“He spent his entire career giving missionary firesides and speaking at youth conferences. He was a missionary several times,” she said. “All my life I have had people come up to me say, ‘I heard your dad speak at such and so and I’ll never forget it.’ As much as he accomplished as an astronaut, as a human being sharing the gospel of Jesus Christ, I think he has done more.”

Mission specialist Don Lind stands by a display in the Johnson Space Center’s visitor center in Houston, Texas, on March 10, 1983.

Mission specialist Don Lind stands by a display in the Johnson Space Center’s visitor center in Houston, Texas, on March 10, 1983.

NASA

Lind was a devout family man. In addition to fun family road trips, Lind looked for ways to share his experiences with his family and often brought home items from training missions, such as pumice, a type of igneous rock from a volcano, or sedimentary rocks from the Grand Canyon, to show and educate his children.

“We had the best family home evenings of anybody in the entire Restoration, I think,” Carol Lind said. “He involved us in everything with NASA. Everything we did, we did as a family, and it was wonderful.”

Carol Lind is most proud of her father for staying true to his Latter-day Saint faith when he believed it would cost him his dream of going into space.

Lind applied to be an astronaut three times and was finally accepted the third time. Thousands submitted applications and the process, which included an FBI background check, was extremely rigorous, she said.

“Dad was sure the FBI knew more about him than his mother,” Carol said.

During an interview with the selection committee, Lind was essentially asked if he would be willing to place his space mission priorities above his Church duties and responsibilities?

Lind responded that his faith commitments were never an issue during his time in the military and he didn’t anticipate it would be a problem for the mission. “Yes, my Church activity is going to continue,” he told the selection committee.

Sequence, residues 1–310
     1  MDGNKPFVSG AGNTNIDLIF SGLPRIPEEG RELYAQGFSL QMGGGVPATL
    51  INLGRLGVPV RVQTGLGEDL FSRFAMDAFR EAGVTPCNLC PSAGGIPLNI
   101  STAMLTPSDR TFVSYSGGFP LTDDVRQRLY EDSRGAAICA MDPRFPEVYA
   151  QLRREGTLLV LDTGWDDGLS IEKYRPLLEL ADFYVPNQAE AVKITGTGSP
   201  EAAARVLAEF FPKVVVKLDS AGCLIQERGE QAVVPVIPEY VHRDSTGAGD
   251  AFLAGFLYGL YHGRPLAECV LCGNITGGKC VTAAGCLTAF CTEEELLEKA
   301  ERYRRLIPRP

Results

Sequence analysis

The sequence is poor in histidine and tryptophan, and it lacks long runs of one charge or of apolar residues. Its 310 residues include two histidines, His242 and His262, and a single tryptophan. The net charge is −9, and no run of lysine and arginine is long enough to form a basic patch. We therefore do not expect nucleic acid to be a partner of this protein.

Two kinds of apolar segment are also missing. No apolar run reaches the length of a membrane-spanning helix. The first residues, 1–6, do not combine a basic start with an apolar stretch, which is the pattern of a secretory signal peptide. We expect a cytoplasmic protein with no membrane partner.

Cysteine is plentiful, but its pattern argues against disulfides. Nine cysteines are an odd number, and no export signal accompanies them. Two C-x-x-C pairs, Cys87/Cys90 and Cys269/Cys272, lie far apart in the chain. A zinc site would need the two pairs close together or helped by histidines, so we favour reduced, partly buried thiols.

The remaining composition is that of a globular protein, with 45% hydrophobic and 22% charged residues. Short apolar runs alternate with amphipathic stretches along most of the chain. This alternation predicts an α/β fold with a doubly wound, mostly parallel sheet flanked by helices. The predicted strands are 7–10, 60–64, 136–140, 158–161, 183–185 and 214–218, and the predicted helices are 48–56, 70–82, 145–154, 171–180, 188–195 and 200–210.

Carol Lind said her father left the interview convinced that he would not be selected, despite the years of dreams, preparation and hard work. What he found out later was the man who asked the question wanted to know if he would stand up for his beliefs. He did and got the job.

Latter-day Saint Don Lind and other astronauts are photographed in space in 1985.

Latter-day Saint Don Lind and other astronauts are photographed in zero gravity space in 1985.

Jeffrey D. Allred, Deseret News

“For me, that is Dad’s absolutely finest hour because he stood up for the gospel of Jesus Christ when he thought he was losing his absolute heart’s desire,” Carol Lind said.

Along with his devotion to faith and family, Lind had a humorous side. One of the running jokes in the family was that dad was always out of town for NASA-related business. His launch with the Challenger mission was April 29, 1985, and his daughter Kim’s birthday was April 30. (The Challenger’s last launch was in 1986.)

Once in orbit, each astronaut was required to send a message to mission control to verify communications were operational. Lind sent a teasing message to his daughter saying, “Kim, look at what lengths I will go to be out of town on your birthday.”

“He cared about people,” Kim Lind Wadsworth told a local television station. “It wasn’t so much about having a fancy job, it was caring about people, and that’s what I love about my dad.”